He said pre-election polls showed Latino voters were aligned on many issues with the Democratic candidates – they were upset about the overturning of the Supreme Court ruling. Roe vs. Wadestrongly supported the Cut Inflation Act, felt that climate change is an issue that needs more attention, and supported gun safety legislation.

“To the extent that Republicans got any attention, it was really because Latinos, like many voters, were frustrated with the cost of living,” Barreto added. “The mistake they [Republicans] fact was [in assuming] that all Latinos blamed Joe Biden.

In the home races, Latino voters helped Democrats win several competitive districts, including a newly drawn district in Colorado, which will be represented by pediatrician Yadira Caraveo, and two South Texas districts targeted by the republicans. But they lost other seats in districts with a high percentage of Latinos.

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Barreto said where the Democratic Congressional Campaign Committee has invested heavily to appeal to Latino voters, the results have been generally positive. But he said Democrats need to dramatically increase their investment in Latino voters in the coming years. If they do, Rocha said, districts with significant Latino populations that remain in Republican hands, such as California’s 13th and 22nd districts and Texas’ 15th district, could be ripe for reclamation over the course of the year. of the presidential year of 2024.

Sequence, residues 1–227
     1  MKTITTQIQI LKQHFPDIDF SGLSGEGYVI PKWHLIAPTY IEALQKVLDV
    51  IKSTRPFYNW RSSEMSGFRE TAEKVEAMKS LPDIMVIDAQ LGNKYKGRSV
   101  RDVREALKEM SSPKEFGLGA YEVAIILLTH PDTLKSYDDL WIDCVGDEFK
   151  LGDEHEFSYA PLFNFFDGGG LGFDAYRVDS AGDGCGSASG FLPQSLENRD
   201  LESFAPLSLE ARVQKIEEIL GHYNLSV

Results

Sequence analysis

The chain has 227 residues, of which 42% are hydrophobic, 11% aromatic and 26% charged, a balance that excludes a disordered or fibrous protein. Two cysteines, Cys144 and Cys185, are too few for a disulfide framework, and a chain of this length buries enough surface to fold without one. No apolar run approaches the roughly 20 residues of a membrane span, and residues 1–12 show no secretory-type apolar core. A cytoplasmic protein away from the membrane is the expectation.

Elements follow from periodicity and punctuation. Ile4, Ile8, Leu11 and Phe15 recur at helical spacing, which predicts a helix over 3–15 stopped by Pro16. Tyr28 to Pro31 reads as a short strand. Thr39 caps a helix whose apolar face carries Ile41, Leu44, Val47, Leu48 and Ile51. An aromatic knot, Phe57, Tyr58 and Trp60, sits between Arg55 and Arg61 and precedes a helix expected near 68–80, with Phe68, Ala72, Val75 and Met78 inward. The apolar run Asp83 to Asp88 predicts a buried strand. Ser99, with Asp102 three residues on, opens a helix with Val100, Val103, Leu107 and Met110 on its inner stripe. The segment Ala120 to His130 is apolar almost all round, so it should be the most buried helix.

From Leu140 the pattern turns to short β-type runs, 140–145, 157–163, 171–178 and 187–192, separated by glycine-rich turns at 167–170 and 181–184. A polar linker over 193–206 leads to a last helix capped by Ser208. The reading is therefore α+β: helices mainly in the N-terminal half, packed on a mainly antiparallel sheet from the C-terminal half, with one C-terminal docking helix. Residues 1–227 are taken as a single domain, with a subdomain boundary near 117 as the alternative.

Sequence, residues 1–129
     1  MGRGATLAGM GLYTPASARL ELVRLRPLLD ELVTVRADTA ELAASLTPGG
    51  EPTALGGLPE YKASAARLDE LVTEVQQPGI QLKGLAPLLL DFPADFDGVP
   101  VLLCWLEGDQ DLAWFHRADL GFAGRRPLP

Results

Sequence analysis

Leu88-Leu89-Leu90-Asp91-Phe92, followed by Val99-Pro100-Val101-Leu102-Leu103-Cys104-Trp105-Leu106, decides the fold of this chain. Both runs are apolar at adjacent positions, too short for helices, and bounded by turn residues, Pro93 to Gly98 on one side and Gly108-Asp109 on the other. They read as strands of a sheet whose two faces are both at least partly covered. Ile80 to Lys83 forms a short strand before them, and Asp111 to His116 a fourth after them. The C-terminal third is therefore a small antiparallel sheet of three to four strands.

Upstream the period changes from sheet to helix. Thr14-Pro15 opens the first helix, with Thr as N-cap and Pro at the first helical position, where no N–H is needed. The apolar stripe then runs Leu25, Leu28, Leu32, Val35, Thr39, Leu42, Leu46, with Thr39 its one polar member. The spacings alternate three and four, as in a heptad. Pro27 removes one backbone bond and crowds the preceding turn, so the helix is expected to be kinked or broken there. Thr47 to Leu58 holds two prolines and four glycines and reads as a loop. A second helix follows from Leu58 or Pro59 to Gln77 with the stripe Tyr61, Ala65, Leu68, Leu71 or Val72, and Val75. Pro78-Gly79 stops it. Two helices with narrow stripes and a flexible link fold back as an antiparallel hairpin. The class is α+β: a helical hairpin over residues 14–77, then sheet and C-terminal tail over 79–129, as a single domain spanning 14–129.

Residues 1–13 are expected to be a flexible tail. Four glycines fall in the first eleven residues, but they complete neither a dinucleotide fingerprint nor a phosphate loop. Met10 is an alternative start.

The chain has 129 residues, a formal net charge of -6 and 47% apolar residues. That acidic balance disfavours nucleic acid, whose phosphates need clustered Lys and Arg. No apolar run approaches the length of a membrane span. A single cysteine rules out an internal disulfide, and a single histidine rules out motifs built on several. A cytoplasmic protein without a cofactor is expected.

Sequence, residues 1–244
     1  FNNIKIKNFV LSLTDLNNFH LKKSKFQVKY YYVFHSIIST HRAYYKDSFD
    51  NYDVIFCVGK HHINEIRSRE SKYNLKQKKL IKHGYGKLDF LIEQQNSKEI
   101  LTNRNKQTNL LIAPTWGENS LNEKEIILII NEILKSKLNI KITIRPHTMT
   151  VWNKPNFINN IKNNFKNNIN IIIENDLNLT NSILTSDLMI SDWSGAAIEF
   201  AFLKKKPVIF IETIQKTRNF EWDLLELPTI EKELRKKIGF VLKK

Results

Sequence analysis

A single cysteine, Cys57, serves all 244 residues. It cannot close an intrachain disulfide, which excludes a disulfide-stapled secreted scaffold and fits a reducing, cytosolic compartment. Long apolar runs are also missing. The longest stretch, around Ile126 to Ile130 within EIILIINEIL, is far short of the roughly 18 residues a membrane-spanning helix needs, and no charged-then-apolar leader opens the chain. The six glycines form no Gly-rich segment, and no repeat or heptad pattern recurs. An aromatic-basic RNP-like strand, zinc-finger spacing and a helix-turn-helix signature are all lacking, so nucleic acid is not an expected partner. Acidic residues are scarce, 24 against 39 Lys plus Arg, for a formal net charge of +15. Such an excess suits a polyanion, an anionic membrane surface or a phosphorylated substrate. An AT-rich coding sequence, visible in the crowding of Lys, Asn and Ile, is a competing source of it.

Simon Rosenberg of the New Democratic Coalition, while generally optimistic about Latino support for Democrats, nevertheless acknowledged that the party had missed some opportunities. “It’s not perfect, and there’s work to be done,” he said.

Odio summed up the mid-term results with a caveat for both sides. “There was discontent,” he said. “The Republicans couldn’t take advantage of it. So they essentially fought to a draw, which benefited the Democrats, and both parties lived to fight another day. It was a skirmish in another war.